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2015: International Year of Light
Colour picture made by overlaying 3 channels.
The Emir of Bukhara in a 1911 color photograph
Cone receptivity of Wavelengths.
Splitting of light by a prism
Many hail the wheel as man’s first and most significant step towards science and progress in general. I, instead, choose to believe it was fire. While other species had to rely on the Sun, the moon, and occasionally, a gene causing bioluminescence for light, we were very likely the first Earthly species to have created our own source of light. Since then, light has become somewhat synonymous with ingenuity, epiphany, and perhaps science in general, be it through lingual additions such as ‘enlightenment’ and ‘illumination’, to the ubiquitous image of a light-bulb on top of the head, representing an idea.
However, despite the fact that we’ve known about light for just about as long as our species has been alive, we know so little about it. For example, until relatively recently, and by that I mean about 150 years ago, we thought light was just individual particles. Then we thought it was in fact a wave of some sort. And as of now, we believe it’s both. Or at-least, it behaves like both, depending on the experiment. Now considering that we know so little about light, despite it being an integral part of our lives, I thought I’d try and examine it from three different perspectives, i.e. from a physical perspective, and chemical perspective, and a biological perspective. So here goes:
Physically, light, or the part of it we can detect with our eyes, is simply a tiny slice of the electromagnetic spectrum. Visible light ranges between a wavelength of 400 to 750 nanometers. Higher than that, you have infrared, microwave, and fm waves, and lower than that, you have UV and x-rays. The visible portion of light consists of 7 distinct bands which we can detect, which constitute the colours of a rainbow. Now a wave, is basically a transfer of energy, which means light possesses energy. This is the driving force behind processes such as photosynthesis. However, we too can harness this energy, to generate electricity, which is the premise behind solar panels.
An interesting chemical aspect of light is photography. When the first cameras were made, there were basically just a few lenses and a plate covered with chemicals such as Silver Bromide. Such chemicals, which were dark initially, when exposed to light, would decompose to Silver and Bromine. This would leave a light patch at the point exposed to light. When the lenses focused an entire image on the plate, due to the varying intensities and wavelengths of the light reflected off the subject, different portions of the plate would get exposed differently, forming a simple black and white photograph.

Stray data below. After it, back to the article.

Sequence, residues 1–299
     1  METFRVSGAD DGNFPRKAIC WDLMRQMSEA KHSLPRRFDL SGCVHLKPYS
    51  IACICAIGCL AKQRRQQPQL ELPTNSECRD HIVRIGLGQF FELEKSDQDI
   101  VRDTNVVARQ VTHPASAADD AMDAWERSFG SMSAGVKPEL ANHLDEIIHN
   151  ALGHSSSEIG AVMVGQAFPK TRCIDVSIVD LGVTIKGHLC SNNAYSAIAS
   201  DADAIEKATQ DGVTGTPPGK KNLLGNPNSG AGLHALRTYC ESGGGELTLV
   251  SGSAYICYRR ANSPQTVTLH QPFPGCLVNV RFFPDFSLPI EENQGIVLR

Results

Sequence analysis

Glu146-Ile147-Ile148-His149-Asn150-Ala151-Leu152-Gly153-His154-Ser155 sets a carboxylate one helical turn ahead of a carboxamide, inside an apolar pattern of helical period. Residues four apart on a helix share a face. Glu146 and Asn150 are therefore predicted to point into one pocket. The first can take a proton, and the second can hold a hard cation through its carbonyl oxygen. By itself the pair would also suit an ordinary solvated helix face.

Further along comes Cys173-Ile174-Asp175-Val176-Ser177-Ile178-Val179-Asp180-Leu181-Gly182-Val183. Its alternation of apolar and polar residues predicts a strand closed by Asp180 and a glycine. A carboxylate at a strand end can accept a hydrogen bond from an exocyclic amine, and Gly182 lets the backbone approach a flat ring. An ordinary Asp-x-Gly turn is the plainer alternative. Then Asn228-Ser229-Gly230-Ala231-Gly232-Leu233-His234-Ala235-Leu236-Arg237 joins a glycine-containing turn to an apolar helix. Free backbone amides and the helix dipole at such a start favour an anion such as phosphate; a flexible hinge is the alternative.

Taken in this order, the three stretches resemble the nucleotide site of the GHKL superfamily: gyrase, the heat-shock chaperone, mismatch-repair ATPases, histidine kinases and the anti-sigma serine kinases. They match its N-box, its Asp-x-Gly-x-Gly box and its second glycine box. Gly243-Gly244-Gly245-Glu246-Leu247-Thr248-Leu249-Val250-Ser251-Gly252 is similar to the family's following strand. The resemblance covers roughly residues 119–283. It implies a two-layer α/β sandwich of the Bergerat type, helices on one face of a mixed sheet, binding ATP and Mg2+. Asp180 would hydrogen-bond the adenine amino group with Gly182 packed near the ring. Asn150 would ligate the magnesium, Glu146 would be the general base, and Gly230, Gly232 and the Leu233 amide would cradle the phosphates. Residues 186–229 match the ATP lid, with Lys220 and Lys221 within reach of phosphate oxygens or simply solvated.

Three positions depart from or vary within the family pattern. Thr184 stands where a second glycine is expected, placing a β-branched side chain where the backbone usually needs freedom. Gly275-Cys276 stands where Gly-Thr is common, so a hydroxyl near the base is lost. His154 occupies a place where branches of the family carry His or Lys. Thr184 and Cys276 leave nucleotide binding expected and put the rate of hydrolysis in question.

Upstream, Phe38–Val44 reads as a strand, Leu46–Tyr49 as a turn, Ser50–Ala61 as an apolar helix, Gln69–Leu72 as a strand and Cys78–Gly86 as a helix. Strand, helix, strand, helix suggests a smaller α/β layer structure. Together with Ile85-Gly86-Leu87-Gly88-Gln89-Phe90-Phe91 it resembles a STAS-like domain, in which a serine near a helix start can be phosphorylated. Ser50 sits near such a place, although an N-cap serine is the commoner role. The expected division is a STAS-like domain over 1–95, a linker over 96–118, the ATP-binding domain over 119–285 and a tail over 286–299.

Colour photography, on the other hand, was a whole-another ball game. Which brings me to the biological aspect of light. We detect light through our eyes, which I’m guessing you already knew. How we do so, is through sensory cells in our retina, and a little processing by the brain. Our retina possesses two basic types of sensory cells, cone cell and rod cells. Cone cells detect high intensity light, and colour. There are three main types of cone cells, those that best detect short wavelength light, those that best detect medium wavelength light, and those that best detect long wavelength light.
All the wavelengths in between stimulate either one, two or all three of the types of cone cells to a certain extent. This data is sent to the brain to process and output colours. This was first practically noticed by few, such as James Maxwell(same guy who said light behaved like a wave), who proved that you can generate any colour using only red, green, and blue paint in varying proportions. He did so by painting kind of pie charts using only red, blue and green with various percentages, and spinning this board really fast. What he did, in effect, was stimulate all the cone cells in the same proportion a certain colour would, but not give the brain enough time to process that these were three separate colours, not one. He chose red, blue, and green, because blue has a short wavelength, green has medium, and red has long. This led to colour photography, where three different plates would be exposed to the same image, but through red, blue and green filters respectively, after which they would be superimposed through those same filters, to form a coherent colour image. This still has practical application today, in devices such as printers, and in LCD and LED screens. Printers can’t afford to be loaded with every different colour, so instead they posses only a few colours, and when they print many tiny dots of each of these colours in a certain proportion, they can generate any colour by tricking our brain.
I’ll conclude with something interesting you can do at home. Humans, as I said, can only perceive light between the wavelengths 400-750nm. However, the chip in your phone camera can go a little beyond our spectrum, and your phone’s screen can’t. This disparity allows us to see beyond our spectrum. For example, whenever you click your TV remote, it sends an electromagnetic wave as a signal, and it is usually out of our spectrum. But if you turn on your phone camera and point it towards the front of your remote, and click a button on the remote, you can actually see the wave as a whitish light. You will effectively be able to see beyond our spectrum.